What is more important in architectural works--their form,
shape, and color, or the meanings and symbolism that can be
associated with them? Can aesthetic judgments of architecture be
independent of the stories one can tell about buildings? Do
non-architects perceive buildings in the same way as do
For the greater part of the twentieth century it was common to
respond to these and similar questions by relying on psychological
theories asserting there is no innocent eye, that we think only in
language, and that human visuality results from preexisting,
conceptual knowledge. Dramatic breakthroughs in philosophy and
psychology over the past two decades, however, have shown us that
human visuality functions for the most part independently of
conceptual thinking and language.
This book examines the ways in which new theories of human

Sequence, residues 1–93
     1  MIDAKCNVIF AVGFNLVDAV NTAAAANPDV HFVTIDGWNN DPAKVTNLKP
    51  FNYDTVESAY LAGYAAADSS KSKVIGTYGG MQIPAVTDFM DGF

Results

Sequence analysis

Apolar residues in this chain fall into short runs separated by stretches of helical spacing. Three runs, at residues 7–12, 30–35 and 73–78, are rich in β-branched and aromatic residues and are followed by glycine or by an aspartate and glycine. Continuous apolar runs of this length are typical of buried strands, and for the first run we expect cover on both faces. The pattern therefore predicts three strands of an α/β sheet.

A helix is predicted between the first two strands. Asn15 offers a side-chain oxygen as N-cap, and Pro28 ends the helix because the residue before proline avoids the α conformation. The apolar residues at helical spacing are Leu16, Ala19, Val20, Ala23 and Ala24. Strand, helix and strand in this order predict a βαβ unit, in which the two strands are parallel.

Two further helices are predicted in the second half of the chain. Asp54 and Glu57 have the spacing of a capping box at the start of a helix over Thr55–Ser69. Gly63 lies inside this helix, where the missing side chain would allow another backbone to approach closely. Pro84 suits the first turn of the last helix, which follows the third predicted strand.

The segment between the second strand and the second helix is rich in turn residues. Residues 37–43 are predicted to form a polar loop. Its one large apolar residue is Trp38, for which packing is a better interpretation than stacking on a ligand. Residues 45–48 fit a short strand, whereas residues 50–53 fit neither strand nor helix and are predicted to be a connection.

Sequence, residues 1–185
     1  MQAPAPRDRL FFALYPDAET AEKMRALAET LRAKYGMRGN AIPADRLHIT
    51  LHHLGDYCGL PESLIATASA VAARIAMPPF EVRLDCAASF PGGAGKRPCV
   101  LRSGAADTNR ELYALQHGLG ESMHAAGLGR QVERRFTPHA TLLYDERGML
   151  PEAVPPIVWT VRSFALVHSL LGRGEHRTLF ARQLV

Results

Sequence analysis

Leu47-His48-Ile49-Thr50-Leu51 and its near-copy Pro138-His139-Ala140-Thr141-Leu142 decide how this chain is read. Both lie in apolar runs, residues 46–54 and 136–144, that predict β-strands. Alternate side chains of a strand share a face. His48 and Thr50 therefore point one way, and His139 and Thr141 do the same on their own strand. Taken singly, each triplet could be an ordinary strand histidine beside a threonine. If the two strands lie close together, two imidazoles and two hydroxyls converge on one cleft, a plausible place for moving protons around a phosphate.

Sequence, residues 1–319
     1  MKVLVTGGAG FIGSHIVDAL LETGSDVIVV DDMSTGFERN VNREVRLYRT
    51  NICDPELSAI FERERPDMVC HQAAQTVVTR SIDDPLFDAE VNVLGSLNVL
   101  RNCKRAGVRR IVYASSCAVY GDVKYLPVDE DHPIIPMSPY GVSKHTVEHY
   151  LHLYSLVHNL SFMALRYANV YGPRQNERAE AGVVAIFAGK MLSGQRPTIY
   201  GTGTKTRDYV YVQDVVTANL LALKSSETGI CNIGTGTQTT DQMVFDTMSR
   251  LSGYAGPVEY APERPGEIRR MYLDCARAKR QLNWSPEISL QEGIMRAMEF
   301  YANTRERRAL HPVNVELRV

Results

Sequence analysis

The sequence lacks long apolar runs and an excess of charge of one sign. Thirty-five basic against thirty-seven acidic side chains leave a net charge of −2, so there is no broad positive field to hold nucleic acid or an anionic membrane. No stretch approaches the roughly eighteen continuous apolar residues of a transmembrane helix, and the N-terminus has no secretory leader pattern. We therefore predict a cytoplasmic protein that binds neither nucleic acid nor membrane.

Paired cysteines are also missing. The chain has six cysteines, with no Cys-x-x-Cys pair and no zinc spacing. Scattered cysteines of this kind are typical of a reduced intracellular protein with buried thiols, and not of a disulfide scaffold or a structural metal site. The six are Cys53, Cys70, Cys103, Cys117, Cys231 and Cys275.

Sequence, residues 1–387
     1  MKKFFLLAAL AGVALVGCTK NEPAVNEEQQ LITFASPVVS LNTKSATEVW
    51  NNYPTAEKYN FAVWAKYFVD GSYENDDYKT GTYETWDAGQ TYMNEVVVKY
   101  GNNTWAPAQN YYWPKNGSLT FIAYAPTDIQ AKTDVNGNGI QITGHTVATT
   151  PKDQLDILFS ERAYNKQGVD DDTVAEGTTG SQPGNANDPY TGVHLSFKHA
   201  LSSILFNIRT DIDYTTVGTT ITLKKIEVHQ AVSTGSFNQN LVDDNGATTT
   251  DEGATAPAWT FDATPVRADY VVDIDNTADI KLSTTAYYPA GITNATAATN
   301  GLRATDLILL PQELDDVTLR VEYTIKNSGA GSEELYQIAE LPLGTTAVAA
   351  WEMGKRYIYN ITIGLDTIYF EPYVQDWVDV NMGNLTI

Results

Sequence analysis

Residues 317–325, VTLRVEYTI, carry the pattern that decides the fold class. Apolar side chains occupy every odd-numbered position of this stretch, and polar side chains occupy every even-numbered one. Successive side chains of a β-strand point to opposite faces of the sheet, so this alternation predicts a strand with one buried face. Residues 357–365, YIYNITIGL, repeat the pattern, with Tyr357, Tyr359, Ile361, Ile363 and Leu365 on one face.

visuality create a different understanding of architectural design,
practice, and education. This new understanding coincides with and
supports formalist approaches to architecture that have become
influential in recent years as a result of the digital revolution
in architectural design.
University of Virginia Press
|Country of origin:
||211 x 157 x 15mm (L x W x T)
||Hardcover - Cloth over boards
Arts & Architecture >
Theory of architecture
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